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The Jell-O President and the Shutdown

US Immigration Reform Forum - 2 hours 47 min ago
The Jell-O President and the Shutdown

Now Donald Trump and the Republicans must do right by the Dreamers.
Source: The Jell-O President and the Shutdown[/...
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More Green Cards Are Always Good for Some, but What About the National Interest?

US Immigration Reform Forum - 2 hours 47 min ago
More Green Cards Are Always Good for Some, but What About the National Interest?

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The Trump administration's proposal to cut legal immigrat...

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The Hazards and Costs of Defying Federal Supremacy in Immigration Matters

US Immigration Reform Forum - 2 hours 47 min ago
The Hazards and Costs of Defying Federal Supremacy in Immigration Matters

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Several days ago, after reading a few articles asserting that it...

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Immigration Courts Sets New Priorities, Performance Measures

US Immigration Reform Forum - 2 hours 47 min ago
Immigration Courts Sets New Priorities, Performance Measures

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The director of the Executive Office for Immigration Review (EOIR), the agenc...

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Planned Gift Contact Form

US Immigration Reform Forum - 2 hours 47 min ago
Planned Gift Contact Form

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More El Paso Times Follies - locally owned and operated

Refuse the Juice - 5 hours 28 min ago
Twice in the last week or so the El Paso Times has written/printed/communicated defamatory or misleading content. In both situations you know that Susie and Vero were behind the effort. Which is why I'm claiming the El Paso Times is... Brad Kanus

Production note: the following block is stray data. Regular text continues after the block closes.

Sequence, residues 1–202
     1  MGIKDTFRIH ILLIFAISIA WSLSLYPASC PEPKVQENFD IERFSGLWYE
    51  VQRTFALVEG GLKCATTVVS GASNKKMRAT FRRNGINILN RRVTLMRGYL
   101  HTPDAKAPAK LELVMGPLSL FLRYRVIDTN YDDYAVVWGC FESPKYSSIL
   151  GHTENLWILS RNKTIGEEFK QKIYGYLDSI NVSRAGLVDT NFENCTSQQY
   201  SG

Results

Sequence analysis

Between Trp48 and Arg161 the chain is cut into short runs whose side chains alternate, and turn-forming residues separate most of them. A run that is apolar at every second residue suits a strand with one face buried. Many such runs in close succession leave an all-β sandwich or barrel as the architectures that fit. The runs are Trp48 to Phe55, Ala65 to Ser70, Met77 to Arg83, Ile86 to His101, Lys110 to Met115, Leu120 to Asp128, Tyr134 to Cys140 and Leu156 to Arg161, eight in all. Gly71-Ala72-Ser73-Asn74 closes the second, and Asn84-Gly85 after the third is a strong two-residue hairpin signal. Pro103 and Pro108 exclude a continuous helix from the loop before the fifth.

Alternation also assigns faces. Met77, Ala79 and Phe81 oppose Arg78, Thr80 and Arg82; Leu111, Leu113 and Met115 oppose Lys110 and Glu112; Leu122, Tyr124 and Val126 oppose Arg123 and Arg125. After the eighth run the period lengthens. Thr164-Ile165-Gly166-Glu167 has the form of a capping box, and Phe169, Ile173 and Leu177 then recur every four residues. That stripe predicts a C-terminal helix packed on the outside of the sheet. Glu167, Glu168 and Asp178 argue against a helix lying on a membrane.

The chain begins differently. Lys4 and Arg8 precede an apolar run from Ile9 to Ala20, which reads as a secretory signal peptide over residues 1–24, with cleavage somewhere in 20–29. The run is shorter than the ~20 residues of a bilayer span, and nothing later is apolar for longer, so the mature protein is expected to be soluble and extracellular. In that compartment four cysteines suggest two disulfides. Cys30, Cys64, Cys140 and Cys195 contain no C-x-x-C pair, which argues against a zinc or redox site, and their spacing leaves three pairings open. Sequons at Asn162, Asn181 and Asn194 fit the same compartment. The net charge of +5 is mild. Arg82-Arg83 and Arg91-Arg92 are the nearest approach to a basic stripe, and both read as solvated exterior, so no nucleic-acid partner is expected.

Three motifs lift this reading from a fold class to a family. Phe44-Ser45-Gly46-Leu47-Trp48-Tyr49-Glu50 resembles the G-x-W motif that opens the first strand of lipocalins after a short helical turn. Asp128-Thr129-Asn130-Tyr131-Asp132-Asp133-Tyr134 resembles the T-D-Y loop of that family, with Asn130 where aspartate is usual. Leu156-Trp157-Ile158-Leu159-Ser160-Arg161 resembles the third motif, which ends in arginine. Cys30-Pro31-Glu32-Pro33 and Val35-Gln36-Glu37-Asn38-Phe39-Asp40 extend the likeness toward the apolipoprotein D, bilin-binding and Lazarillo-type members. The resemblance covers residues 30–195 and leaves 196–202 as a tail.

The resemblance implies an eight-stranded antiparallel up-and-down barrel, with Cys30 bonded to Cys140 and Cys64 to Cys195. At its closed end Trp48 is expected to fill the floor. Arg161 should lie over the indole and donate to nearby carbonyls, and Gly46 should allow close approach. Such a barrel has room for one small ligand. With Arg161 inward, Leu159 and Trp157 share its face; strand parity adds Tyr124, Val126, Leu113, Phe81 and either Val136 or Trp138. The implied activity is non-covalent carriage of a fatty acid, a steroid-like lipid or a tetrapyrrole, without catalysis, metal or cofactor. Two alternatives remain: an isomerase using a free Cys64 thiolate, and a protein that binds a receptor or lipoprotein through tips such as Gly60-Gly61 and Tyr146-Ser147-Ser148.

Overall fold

Categories: Local Blogs

West side street resurfacing

ElPasoSpeak - 9 hours 36 min ago

The city is starting to think about fixing some of our local roads.

We frequently hear that the west side of El Paso “gets more” than other parts of town.

Take a look at this slide:

There are two other slides in the presentation.  They list streets in districts other than the west side district (number 1).

The city is thinking about doing work on three streets on the west side of town.

The three streets are all in the Kern Place/Cincinnati area of town.

The rest of the neighborhood streets in the west side will get nothing.

We deserve better

Brutus

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Planned Gift Contact Form

US Immigration Reform Forum - 10 hours 35 min ago
Planned Gift Contact Form

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Why the DACA Debate is Important

EPN - Border Analysis - Mon, 01/22/2018 - 11:00pm
Immigration reform has been an ongoing issue for many decades with both US political parties using immigrants as […]
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UTEP strives to give students an ‘Edge’ before and after graduation

Borderzine - Mon, 01/22/2018 - 10:56pm

The University of Texas at El Paso offers a vast array of services to students that will not only help them while in school but to prepare them for lifelong success as well.

Besides course work, UTEP further prepares students by providing research experiences, creative activities, study abroad, student employment, and student internships, among others. This fall semester, UTEP gathered all of these activities under a new initiative called UTEP Edge, which helps students get involved in school and in their career planning by focusing on research projects and extracurricular activities while they are enrolled.

“The Edge is really centered around three core statements which are talented students, enriching experiences, and lifelong success,” Marc Cox, director of the Center for Faculty Leadership and Development, said.

According to Cox, the fact that the majority of UTEP students are bilingual is an asset. Bilingual graduates, he said, have an edge when they apply for jobs. In addition, providing students with opportunities to engage in research and extracurricular activities while pursuing a college degree produces life long career-enhancing benefits.